Should I Warm Up My Motorcycle Before Riding?

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As soon as you crawl out of bed tomorrow morning, try this experiment: run outside and sprint down the street. Aside from embarrassment over your jammies (or lack thereof), how do you suppose you’ll feel?

Your motorcycle likewise needs to warm up a bit before hitting the street. Many folks at AMSOIL love anything to do with an engine, including motorcycles. So to get the technical details explaining why, I consulted a few of our resident bikers. They provided two main reasons for letting your bike warm up before riding.

1) Help avoid piston scuffing

Metal expands when it’s heated, and anyone who’s sat astride a motorcycle knows they make serious heat. Subjecting a cold piston to extreme heat and friction without first allowing it to warm up can cause rapid piston expansion and scuffing.

John Skuzinski, AMSOIL Mechanical Test Development Manager, says this:

“Optimal parts ​​clearances inside the engine are not achieved until normal operating temperatures are reached. If clearances are less than normal due to low engine temps, and the throttle demands the engine goes to work spontaneously, internal temperatures can rise very rapidly. Most frequently the pistons will heat-up and expand well ahead of the cylinder bores. The chances of clearance-related scuffing and seizure are thereby increased proportionally.”

Translation? Something might break.

AMSOIL Director of Facilities and Maintenance, Rollie Everson, agrees. “I like to get them [engines] warm before putting any type of stress on the mechanical components. This makes sure components expand at a gradual rate when they are cold.”

2) Ensure the oil circulates properly

Another reason to warm up your bike is to circulate the oil. Here again John Skuzinski has some good insight. “Cold oils inhibit pumpability and flowability, making it more prone to thin-film and hydrodynamic-wedge breakdown. Under extreme cold-oil conditions, it is possible that the oil won’t be able to flow into the oil pump, leading to bearing and journal damage and wear.”

Translation? Again, something might break, this time due to lack of oil.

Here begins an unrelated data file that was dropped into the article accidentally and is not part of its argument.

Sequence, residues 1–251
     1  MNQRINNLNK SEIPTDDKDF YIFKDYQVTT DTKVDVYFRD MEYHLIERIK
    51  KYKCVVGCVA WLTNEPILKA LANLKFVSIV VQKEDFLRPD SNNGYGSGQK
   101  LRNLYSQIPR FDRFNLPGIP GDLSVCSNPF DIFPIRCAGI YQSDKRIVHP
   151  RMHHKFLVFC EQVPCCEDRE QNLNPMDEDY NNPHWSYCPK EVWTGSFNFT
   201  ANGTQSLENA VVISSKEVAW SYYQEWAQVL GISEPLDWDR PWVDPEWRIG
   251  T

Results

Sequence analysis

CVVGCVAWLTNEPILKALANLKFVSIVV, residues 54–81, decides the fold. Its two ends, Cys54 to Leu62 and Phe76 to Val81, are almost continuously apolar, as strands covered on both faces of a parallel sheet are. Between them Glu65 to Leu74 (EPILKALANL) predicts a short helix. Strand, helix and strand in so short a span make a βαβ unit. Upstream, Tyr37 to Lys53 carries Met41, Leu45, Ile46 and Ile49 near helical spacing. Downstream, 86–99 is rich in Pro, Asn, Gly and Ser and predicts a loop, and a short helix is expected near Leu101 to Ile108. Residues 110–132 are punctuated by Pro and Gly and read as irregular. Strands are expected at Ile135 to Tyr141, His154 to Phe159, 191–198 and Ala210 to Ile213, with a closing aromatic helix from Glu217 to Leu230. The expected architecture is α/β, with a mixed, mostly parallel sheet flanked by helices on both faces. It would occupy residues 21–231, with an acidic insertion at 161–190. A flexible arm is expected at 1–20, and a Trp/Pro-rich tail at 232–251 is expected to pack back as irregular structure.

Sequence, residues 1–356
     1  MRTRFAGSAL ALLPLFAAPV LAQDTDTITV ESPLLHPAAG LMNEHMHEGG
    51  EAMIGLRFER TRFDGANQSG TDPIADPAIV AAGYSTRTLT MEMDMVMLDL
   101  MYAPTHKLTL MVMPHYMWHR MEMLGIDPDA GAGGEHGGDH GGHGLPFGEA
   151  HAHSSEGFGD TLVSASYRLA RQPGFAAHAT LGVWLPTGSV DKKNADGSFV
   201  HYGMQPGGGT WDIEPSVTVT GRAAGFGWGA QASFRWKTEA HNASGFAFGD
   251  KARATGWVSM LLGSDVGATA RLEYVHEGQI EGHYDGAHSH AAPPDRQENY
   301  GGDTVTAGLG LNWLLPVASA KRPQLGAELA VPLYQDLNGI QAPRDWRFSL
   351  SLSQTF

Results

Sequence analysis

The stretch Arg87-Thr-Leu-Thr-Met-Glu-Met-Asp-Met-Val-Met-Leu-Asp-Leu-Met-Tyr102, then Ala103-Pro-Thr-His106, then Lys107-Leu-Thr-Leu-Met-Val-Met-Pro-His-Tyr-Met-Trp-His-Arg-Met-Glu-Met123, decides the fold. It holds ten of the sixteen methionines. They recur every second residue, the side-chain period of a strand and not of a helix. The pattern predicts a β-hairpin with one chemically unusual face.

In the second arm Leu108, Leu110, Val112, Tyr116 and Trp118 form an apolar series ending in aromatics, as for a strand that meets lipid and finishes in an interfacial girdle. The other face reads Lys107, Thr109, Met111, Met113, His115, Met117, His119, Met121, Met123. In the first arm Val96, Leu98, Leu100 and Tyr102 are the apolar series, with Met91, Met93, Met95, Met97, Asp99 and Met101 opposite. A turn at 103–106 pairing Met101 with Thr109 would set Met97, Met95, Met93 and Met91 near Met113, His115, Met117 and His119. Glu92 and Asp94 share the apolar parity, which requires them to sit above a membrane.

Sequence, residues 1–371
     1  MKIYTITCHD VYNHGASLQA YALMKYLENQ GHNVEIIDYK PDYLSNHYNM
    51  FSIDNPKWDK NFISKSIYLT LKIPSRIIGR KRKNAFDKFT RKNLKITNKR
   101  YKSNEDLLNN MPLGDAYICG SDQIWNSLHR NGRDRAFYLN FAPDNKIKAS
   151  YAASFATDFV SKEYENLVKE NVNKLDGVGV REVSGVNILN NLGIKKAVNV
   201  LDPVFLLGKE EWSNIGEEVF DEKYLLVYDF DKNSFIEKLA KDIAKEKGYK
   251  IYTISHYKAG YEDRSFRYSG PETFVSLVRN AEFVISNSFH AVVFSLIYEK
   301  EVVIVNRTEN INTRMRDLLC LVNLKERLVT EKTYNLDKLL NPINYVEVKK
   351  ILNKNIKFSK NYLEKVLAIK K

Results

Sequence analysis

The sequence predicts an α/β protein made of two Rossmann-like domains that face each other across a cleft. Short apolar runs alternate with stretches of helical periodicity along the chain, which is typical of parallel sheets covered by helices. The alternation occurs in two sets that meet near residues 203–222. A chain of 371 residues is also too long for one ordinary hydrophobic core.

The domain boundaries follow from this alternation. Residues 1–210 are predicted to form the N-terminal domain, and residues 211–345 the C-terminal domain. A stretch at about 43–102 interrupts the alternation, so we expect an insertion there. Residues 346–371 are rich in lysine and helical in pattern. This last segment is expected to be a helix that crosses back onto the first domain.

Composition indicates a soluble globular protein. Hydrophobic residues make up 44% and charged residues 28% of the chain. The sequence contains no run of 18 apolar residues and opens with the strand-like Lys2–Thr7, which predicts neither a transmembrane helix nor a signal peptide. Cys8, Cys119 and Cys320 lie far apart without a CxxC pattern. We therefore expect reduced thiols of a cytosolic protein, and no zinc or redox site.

Of course, a good solution to poor cold-flow is to use a high-quality synthetic that flows quickly to engine parts despite cold temperatures. AMSOIL laboratory chemist Dale Beck explains:

“The highest chance of wear should be under the initial startup when the oil has yet to be circulated to all the components in the upper end. AMSOIL motorcycle oils have very good pumpability at cold tempatures, definitely colder than I enjoy riding the bike at, so I don’t worry much about the oil not being circulated enough. Our oils also have very good protection for cam wear, relating to initial startup, so unless you are redlining the engine after startup there shouldn’t be any worries about other engine parts.”

How long should you warm the engine?

About one minute is plenty of time to allow the piston and other parts to gradually expand and ensure good oil circulation to the upper end. Most riders start the engine and spend a minute or two putting on their helmet and preparing to ride. Once they’re ready, so is the bike.

“I warm mine up so I know everything is running well. I usually do this while I put on my helmet and make final adjustments before departing on a ride.” – Patricia Stoll, AMSOIL Trade Show Manager

“I usually let it warm up while making my last adjustments (ear plugs, gloves, glasses, etc.). This takes about a minute or two.” – Jim Swanson, AMSOIL Trade Show Representative

“I would guess that mine only warms up for around a minute. I usually start it just before putting on my helmet and gloves. In my opinion, anything more than a few minutes is a waste of fuel and can lead to deposit formation on the spark plugs and exhaust.” – Dale Beck